We all like to save money. Sometimes however, we can lull ourselves into a sense of false economy by doing things which later prove counterproductive and end up costing us much more money. Wills (and collateral estate documents) are good examples of this. Kindly consider the following:
- We draft most legal documents with the objective of keeping the parties out of court. A will almost always ends up in court because an estate needs to be probated in order to transfer property (real and personal) and rights to property. As such, a good will needs to be drafted in language that courts clearly understand. If a court is confused, the judge will probably require hearings and the introduction of evidence to discern the decedent’s intent. This will add both to the time and the cost of settling the estate, often in a huge way. In this sense, a bad will is not necessarily better that dying with no will.
- Wills have been around for a very long time. Additionally, both the law of wills and real estate change very slowly. This is because we don’t want to invalidate a transaction or intent to transfer property (personal or real) that someone may have made years before with the full intent to rely on it later. This results in the use of specialized language that lawyers and courts understand precisely (so called “legal terms of art”). So, if you use the proper technical jargon, everyone is clear as to what is intended. If you don’t, please reread #1, above. Thus, if for example, you do not know the difference between a per stirpes distribution and a per capita distribution, you might want to seek out a lawyer’s help.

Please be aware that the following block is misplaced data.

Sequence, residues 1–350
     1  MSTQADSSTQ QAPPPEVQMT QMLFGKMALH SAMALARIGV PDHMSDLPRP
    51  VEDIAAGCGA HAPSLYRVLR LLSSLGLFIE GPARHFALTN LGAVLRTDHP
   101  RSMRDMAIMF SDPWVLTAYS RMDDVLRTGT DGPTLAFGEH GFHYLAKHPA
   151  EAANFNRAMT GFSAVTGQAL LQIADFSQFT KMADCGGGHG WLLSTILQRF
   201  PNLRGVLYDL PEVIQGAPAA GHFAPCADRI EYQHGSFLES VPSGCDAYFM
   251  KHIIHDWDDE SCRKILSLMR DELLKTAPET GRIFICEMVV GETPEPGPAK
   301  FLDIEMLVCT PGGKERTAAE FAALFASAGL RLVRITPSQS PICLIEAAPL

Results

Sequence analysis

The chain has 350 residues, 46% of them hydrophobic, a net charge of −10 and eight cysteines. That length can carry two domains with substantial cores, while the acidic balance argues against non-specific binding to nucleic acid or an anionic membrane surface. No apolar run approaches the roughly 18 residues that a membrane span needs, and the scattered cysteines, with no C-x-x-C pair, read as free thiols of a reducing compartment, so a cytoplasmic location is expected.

- In states like Texas, we have the option of electing to have a highly simplified probate. This is NOT the default. You must clearly inform the court by using the proper verbiage that this is what you are electing to do. If you do not do so, then your estate will be burdened with a much more expensive and time consuming probate.
- How much do you spend on auto insurance per year? You carry auto insurance (aside from the fact that you are required to have it) to protect yourself against the claims of third parties in the event of an accident that you hope will never occur. Usually, for a cost less than what you pay per year for auto insurance, you will be spending money to protect your loved ones from an event that absolutely will occur- your death.
- You may be neglecting to complete ancillary documents that should be a part of your set of estate documents such as: a general durable power of attorney (for disability planning), a medical power of attorney (which must be in a specific required form in Texas on and after January 1, 2018), an advanced directive (otherwise known as a living will), and a declaration of guardianship (either as a standalone document or as included in your general power of attorney).
- You may have placed items in your will that do not belong there or require more comprehensive treatment (see my earlier article on Trust basics). You may not have provided for items that you should provide for that an experienced attorney can advise you on.
- You may be tempted to think that this advice is self serving in that we charge to do wills and estate documents. But consider that if your DYI will proves to be inadequate or fails, then your estate will be paying the attorney considerably more in fees to settle matters, not to mention the emotional toll on your loved ones. We make comparatively little in fees to do estate documents. We make lots of money to straighten out the mess later.
So, if you must attempt a DYI project, I advise you to install a kitchen cabinet or change the oil in your car. Estate documents are NOT DYI projects!